The Scottish government will study the feasibility of introducing deposit return schemes for drinks containers, noting they could represent around an £1m opportunity.
The schemes would involve adding a small deposit to the cost of bottles and cans that could be redeemed when the empty containers are returned, following the example of the Swedish recycling system.
Environment Secretary Richard Lochhead (top) said that such schemes could help turning Scotland’s litter problem in a resource. “At least half of littered items are suitable for recycling, such as plastic bottles and aluminium cans. This is around £1.2m worth of material every year,” he said.
“We want to encourage more Scots to recycle and, in turn, help deal with our litter problem, so it is right that we reflect on how this model could work in Scotland.”
The announcement followed the development of eight Recycle and Reward schemes that have been piloted across the country by Zero Waste Scotland, WRAP’s Scottish arm, since February. The pilots involve offering discount vouchers or donations to charity to customers that return drinks containers for recycling, but no deposit is added to the purchase of the drinks.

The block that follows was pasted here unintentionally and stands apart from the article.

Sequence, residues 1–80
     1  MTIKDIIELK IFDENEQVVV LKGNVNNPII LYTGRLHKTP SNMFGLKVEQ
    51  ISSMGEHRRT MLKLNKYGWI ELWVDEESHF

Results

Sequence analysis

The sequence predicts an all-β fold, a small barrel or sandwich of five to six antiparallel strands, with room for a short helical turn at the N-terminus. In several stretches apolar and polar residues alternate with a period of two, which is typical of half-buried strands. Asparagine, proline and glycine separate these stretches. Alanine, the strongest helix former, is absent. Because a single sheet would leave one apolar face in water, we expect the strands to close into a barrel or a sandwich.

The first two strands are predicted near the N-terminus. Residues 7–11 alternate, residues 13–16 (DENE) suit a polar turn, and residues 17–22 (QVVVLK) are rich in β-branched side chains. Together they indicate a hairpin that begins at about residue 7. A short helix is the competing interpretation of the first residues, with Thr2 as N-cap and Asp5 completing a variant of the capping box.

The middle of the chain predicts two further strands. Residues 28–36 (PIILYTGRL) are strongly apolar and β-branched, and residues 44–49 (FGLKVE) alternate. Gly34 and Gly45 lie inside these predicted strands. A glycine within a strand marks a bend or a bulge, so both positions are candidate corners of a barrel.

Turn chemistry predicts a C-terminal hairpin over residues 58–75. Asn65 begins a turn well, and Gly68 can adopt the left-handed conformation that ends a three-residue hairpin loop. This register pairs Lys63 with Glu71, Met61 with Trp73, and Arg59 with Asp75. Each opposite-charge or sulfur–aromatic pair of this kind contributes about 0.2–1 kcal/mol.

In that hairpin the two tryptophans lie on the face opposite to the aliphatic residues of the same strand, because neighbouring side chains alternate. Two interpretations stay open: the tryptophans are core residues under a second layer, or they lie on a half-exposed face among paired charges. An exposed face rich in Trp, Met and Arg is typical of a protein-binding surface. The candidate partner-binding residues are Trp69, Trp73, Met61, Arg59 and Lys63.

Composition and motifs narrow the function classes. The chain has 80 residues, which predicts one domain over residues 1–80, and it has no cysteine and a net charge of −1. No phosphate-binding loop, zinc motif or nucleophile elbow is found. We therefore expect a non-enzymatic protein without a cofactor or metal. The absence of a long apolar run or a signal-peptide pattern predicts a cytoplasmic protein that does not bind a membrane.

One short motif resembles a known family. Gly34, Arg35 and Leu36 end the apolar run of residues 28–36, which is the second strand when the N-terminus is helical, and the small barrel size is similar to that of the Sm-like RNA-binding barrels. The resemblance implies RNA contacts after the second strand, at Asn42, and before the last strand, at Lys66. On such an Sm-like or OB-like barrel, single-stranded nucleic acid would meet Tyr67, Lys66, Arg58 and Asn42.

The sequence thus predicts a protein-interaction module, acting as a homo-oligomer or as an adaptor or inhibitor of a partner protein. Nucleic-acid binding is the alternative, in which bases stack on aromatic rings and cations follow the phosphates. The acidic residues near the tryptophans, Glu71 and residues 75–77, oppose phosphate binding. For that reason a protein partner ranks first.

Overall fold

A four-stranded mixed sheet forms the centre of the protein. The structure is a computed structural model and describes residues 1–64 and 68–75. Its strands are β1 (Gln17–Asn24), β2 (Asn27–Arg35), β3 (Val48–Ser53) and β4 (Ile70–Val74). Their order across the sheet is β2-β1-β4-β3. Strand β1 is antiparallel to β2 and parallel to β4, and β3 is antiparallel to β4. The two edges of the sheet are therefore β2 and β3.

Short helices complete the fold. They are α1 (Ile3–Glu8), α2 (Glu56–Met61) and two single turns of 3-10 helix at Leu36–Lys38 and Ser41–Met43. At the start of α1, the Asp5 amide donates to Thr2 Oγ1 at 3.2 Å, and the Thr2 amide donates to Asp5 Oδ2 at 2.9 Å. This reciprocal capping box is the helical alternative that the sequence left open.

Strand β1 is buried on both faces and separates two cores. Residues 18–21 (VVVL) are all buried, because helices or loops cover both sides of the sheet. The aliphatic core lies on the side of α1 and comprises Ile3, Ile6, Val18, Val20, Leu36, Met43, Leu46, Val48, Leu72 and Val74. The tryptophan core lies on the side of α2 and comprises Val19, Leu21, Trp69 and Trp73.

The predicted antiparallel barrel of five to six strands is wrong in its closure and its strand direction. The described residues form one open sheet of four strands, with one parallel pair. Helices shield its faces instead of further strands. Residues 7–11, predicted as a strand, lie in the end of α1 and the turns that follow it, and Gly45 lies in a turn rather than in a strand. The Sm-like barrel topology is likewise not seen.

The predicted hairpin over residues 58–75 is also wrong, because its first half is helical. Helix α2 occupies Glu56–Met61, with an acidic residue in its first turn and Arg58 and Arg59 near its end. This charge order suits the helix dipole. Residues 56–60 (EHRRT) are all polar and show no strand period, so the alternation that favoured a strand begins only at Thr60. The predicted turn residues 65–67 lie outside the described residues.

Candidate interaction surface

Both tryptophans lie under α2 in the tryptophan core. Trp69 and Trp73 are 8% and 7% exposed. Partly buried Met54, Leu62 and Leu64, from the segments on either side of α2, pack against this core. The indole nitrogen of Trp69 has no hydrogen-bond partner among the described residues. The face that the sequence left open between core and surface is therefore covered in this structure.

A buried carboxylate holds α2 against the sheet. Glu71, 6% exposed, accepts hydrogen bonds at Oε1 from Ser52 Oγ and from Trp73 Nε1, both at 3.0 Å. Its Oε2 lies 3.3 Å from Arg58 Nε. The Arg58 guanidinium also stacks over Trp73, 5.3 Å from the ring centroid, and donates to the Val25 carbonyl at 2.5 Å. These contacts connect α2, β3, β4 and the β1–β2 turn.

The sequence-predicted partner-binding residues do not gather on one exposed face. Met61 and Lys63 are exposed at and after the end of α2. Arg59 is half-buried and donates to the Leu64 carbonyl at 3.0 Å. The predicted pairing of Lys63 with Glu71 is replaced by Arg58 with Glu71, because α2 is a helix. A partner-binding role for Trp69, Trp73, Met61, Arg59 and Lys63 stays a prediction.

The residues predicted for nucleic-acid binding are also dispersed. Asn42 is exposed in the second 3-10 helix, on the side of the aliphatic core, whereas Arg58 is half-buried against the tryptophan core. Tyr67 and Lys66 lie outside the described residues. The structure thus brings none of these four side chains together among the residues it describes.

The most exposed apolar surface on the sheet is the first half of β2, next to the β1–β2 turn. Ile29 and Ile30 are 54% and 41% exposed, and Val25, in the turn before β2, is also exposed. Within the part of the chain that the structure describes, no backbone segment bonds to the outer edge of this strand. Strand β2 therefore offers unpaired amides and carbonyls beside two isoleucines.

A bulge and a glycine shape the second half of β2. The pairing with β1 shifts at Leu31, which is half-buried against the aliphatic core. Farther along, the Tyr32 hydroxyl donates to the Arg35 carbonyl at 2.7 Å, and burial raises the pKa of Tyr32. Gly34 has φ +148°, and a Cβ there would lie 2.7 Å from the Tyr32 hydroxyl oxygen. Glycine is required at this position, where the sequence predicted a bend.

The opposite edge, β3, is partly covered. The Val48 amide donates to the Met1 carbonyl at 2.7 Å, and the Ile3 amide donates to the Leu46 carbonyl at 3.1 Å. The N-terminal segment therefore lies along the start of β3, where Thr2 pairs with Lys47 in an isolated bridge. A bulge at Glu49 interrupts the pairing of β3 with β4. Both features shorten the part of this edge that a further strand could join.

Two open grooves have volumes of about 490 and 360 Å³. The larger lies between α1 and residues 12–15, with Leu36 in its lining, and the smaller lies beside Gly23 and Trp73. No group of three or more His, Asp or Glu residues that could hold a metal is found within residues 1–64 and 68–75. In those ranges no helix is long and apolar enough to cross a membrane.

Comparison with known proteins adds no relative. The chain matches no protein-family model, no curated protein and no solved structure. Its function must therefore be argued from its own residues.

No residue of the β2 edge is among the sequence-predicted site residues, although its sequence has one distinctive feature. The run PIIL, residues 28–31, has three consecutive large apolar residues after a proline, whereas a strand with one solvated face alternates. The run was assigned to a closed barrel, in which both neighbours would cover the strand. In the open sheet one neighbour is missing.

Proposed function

Companies and organisations including IKEA, Network Rail and three Scottish universities have been participating in the trials.
Iain Gulland, director of Zero Waste Scotland, welcomed the announcement of the launch of a feasibility study on the introduction of deposit return schemes. “Recycling is about keeping and re-using valuable materials and returning drinks containers is a simple step people could take to help make Scotland a zero waste society,” he said. “It could also play a part in making our country litter-free.”